In London, the journeys of immigrant entrepreneurs who shaped the United Kingdom

From the co-founder of the giant Marks & Spencer to the designer Jimmy Choo, via neighborhood restaurateurs, an exhibition at the Immigration Museum in London traces the journeys of immigrant entrepreneurs who, beyond their individual stories, tell a lot about the history of the United Kingdom.

Entitled “Migrant Entrepreneurs and the Making of Britain”, this exhibition, which runs until the end of September, aims to “explore the stories of immigrant entrepreneurs (…) and the many ways in which they have shaped our lives, from the clothes we wear, to the food we eat, to the applications we have on our phones”, explains to AFP Matthew Plowright, director of engagement and communication of the museum.

the first coffee chain in the country Costa Coffee was created by two brothers Sergio and Bruno, who arrived from Italy in the 1950s (AFP/Archives – Isabel INFANTES)

Nestled in a shopping center in Lewisham (south of London), the museum has reproduced a district of a typical British city, where each building presents companies from a sector of activity: restaurants, technologies, furniture, beauty products, fashion, etc.

As you wander around, visitors can discover the origins of companies known to all Britons, such as Marks & Spencer, co-founded by Michael Marks, born into a Polish Jewish family who arrived in Leeds in 1882, or the country’s first coffee chain Costa Coffee, created by the two brothers Sergio and Bruno, who arrived from Italy in the 1950s.

– Humanize the debate –

But the exhibition also retraces the journey, often strewn with pitfalls, of dozens of anonymous immigrants, who came to the United Kingdom to flee oppression, poverty or simply to study and who created their own business there.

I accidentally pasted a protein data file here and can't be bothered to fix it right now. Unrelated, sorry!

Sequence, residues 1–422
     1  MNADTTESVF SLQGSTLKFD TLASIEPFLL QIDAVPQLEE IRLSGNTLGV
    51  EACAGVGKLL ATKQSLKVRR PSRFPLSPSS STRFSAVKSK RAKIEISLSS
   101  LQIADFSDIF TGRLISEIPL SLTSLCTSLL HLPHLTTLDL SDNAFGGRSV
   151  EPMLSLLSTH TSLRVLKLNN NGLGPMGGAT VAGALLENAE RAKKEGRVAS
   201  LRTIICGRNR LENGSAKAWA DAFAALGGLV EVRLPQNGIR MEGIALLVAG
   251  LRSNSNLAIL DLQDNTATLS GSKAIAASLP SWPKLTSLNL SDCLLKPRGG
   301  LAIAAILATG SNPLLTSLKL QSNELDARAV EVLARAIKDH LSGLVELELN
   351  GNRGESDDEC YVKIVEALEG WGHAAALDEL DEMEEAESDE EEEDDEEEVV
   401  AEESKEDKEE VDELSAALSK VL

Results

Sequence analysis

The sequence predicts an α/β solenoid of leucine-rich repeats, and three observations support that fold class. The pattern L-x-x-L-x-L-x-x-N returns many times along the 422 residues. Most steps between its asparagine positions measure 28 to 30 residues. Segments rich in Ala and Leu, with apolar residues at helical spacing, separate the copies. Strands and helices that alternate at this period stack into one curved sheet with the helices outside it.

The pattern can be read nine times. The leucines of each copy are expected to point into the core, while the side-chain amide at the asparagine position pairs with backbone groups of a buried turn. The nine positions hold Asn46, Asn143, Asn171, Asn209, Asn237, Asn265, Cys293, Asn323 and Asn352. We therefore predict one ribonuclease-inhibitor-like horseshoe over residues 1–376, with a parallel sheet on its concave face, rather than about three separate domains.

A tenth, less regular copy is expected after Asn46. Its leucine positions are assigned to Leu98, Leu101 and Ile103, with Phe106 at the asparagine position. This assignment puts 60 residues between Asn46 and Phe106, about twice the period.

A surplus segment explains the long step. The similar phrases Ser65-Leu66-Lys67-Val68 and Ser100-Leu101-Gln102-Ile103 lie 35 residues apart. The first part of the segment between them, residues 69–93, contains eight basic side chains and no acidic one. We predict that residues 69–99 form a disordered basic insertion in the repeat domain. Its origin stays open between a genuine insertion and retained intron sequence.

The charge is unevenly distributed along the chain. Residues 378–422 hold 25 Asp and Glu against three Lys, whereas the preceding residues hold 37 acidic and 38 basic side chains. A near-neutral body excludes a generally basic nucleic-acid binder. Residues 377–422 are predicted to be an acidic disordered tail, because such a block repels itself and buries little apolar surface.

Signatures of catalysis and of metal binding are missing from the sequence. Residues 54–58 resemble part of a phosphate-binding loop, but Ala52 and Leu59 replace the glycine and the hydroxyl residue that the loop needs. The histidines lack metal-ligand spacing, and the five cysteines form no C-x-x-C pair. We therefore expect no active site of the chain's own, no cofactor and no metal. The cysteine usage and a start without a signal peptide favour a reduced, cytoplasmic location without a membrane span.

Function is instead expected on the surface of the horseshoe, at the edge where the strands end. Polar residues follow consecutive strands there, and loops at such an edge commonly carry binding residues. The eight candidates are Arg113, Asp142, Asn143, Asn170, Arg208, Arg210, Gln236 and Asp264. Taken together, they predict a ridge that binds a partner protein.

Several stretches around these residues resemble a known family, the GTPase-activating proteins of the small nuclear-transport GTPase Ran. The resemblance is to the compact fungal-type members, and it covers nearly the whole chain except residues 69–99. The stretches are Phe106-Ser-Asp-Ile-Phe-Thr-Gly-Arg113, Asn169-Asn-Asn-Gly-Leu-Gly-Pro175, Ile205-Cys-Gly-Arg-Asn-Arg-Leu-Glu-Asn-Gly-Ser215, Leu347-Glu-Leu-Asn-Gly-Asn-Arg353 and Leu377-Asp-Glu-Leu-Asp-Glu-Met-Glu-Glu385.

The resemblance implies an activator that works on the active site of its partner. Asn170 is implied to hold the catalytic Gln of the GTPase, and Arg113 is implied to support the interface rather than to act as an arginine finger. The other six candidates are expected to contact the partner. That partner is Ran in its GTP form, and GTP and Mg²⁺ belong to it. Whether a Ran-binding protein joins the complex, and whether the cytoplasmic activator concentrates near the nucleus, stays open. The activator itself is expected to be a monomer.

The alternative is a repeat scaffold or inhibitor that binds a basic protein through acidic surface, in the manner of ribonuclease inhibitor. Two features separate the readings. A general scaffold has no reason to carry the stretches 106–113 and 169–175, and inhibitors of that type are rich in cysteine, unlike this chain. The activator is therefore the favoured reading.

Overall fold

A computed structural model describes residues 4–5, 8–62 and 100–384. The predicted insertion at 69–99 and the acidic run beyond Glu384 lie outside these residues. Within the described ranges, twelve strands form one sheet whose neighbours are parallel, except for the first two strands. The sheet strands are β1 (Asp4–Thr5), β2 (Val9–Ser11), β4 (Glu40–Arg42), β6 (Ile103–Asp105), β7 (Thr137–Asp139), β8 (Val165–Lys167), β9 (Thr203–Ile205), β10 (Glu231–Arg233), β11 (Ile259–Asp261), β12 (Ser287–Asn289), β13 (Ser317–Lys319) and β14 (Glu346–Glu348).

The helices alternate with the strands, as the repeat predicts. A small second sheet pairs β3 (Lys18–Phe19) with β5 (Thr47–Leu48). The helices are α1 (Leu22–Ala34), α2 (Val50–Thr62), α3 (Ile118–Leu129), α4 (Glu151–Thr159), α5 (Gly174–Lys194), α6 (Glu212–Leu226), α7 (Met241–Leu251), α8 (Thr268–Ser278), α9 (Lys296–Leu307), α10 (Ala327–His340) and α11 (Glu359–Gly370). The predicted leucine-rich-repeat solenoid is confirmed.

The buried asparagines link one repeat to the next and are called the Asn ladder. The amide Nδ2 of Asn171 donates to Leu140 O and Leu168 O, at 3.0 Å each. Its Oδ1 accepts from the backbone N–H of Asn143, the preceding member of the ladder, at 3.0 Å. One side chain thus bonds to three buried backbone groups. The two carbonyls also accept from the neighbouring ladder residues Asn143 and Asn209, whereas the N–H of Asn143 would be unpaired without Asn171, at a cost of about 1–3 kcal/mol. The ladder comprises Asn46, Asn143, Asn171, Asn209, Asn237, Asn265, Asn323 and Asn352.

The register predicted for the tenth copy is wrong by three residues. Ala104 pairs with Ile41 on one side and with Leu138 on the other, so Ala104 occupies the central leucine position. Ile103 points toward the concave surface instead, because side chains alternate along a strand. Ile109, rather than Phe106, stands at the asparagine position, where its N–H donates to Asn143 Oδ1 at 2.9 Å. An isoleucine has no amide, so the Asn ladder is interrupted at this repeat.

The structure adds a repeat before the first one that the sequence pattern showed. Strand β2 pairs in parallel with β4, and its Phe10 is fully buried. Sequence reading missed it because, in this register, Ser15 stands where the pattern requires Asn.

Chinatown in Soho, June 18, 2023 in London (AFP/Archives - HENRY NICHOLLS)
Chinatown in Soho, June 18, 2023 in London (AFP/Archives – HENRY NICHOLLS)

Like Gary and Jin Hui, who came from Hong Kong in the mid-1980s and owned a Chinese takeaway restaurant in South Wales. Their daughter, Angela, 31, has reproduced for the exhibition their old counter, behind which she and her brothers have long helped their parents who did not speak English.

“British history is so complex, especially through colonialism, and I think a lot of people don’t understand that” when it comes to immigration, she explains.

Caribbean immigrants, Jews fleeing persecution in Europe, Indian students or students from former African colonies, the paths of these entrepreneurs join the history of the country, “and maybe that helps us (…) to think about the current debate on immigration in a slightly different way”, wants to believe Matthew Plowright.

Nomshado Michelle Baca thus arrived at the age of 7 with her mother from Zimbabwe in 1996. She grew up in Kent (south-east of England), and after a business school and several years in fashion, she created in 2018 “The complexion company”, a company of beauty products and food supplements suitable for black women.

She regrets the current debates around immigration, which according to her “lack perspective”. “The United Kingdom has always been one of the most important trading places in the world and to forget this is not only harmful for immigrants but also for the United Kingdom,” she told AFP.

– “Not a coincidence” –

“Often when people talk about immigration in the media or in the political class, it’s very impersonal debates about numbers, figures” and we want “to evoke the personal stories behind the headlines”, explains Matthew Plowright, while the Conservatives in power have made immigration control a priority since Brexit.

According to research by the Center for Entrepreneurs, one in seven UK businesses was started or co-founded by an immigrant.

And three of the country’s six richest people were not born there, including the first, Gopichand Hinduja and his family, Indian-born owners of conglomerate Hinduja Group, according to the Sunday Times 2023 ranking.

“It’s not a coincidence”, according to Matthew Plowright, because “when you arrive from abroad, you do not have the network, the connections to easily integrate yourself into the labor market, and therefore often you start alone, out of necessity”.

But the exhibition also highlights “the complexity, discrimination, challenges and difficulties that many business leaders and people continue to face today”, he warns. For example to obtain funding.

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